Overview of Planning and Execution
The head band director led these curriculum changes and ideas. The hybrid teaching and zoom calls were shared by the Assistant Band Director and Percussion and Colorguard Staff. Together we would plan each month and made changes weekly when necessary. It made our lesson planning flexible, creative, and cooperative. The time commitment overall was much less than a normal year here at OTHS, however, the thought process on the teacher end of things, was a lot to deal with in regard to the ever changing status of life and conditions.
Tools and Resources
We did utilize a few online music resources, however, what worked best was one on one connection with kids through conversation, private lessons, and house visits. By the end the school year, the directors knew where everyone lived and more about each student personally then they had before. This is a major take away for us, as we live in a more tradition music curriculum know, but remembering that each kid is worth our all!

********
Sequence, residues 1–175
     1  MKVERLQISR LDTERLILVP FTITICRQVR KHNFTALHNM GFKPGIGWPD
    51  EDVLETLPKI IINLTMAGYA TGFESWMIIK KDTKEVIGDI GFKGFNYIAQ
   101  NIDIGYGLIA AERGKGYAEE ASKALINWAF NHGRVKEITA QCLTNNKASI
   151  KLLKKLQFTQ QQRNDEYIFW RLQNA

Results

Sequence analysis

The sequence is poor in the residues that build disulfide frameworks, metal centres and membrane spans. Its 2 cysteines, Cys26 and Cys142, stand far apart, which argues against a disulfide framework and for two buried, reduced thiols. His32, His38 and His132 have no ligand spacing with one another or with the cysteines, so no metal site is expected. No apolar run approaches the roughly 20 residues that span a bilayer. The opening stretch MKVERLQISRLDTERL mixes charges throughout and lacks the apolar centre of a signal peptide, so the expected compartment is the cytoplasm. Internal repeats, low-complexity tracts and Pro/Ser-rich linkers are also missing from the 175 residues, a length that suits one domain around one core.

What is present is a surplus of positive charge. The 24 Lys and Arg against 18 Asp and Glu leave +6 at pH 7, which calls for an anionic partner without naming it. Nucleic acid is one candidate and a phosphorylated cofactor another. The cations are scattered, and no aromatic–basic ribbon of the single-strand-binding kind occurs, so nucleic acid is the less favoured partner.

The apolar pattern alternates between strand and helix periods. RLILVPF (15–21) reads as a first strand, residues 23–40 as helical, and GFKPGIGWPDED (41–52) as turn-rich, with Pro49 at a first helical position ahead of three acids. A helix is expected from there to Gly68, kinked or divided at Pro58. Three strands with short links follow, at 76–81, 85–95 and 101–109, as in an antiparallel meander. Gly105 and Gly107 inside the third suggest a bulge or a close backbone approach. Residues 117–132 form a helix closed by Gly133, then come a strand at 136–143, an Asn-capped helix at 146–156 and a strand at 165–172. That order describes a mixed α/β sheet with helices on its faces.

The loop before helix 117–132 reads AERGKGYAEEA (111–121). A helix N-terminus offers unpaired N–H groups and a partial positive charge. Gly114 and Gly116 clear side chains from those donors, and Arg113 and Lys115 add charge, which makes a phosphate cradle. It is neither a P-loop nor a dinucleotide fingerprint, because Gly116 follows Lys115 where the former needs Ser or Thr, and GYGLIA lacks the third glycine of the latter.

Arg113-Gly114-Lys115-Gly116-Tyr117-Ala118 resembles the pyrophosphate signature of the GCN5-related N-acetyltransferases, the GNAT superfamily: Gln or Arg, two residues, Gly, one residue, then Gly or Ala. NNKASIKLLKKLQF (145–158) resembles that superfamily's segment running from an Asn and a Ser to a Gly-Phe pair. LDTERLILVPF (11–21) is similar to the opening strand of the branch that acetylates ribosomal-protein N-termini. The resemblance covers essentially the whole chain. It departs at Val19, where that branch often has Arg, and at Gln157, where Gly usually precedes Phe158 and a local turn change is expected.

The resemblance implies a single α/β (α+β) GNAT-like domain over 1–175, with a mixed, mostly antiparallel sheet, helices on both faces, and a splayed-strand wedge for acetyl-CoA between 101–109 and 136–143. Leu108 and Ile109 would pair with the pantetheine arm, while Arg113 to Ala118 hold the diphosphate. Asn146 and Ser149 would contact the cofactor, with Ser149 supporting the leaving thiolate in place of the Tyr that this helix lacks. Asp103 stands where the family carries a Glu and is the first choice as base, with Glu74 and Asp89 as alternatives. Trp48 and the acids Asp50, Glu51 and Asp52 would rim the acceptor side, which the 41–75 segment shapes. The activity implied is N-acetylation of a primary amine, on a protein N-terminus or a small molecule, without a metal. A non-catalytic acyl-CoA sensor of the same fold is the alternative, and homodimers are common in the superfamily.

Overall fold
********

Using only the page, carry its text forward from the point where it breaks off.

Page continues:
Marketing and Promotion
We pushed all of our video performances out on facebook and social media. We were involved in state contests and national festivals that still gave the students the exposure that had once before, just on a different scale.
- We paid for a few online programs – $6000.00
- We purchased t shirts for incoming students – $750.00
- We purchased additional chamber music – $350.00
- We assisted with repairs and use of additional instruments – $500.00
- We put a low budget marching band show together – $10,000. – music, percussion parts, drill, costumes, colorguard choreo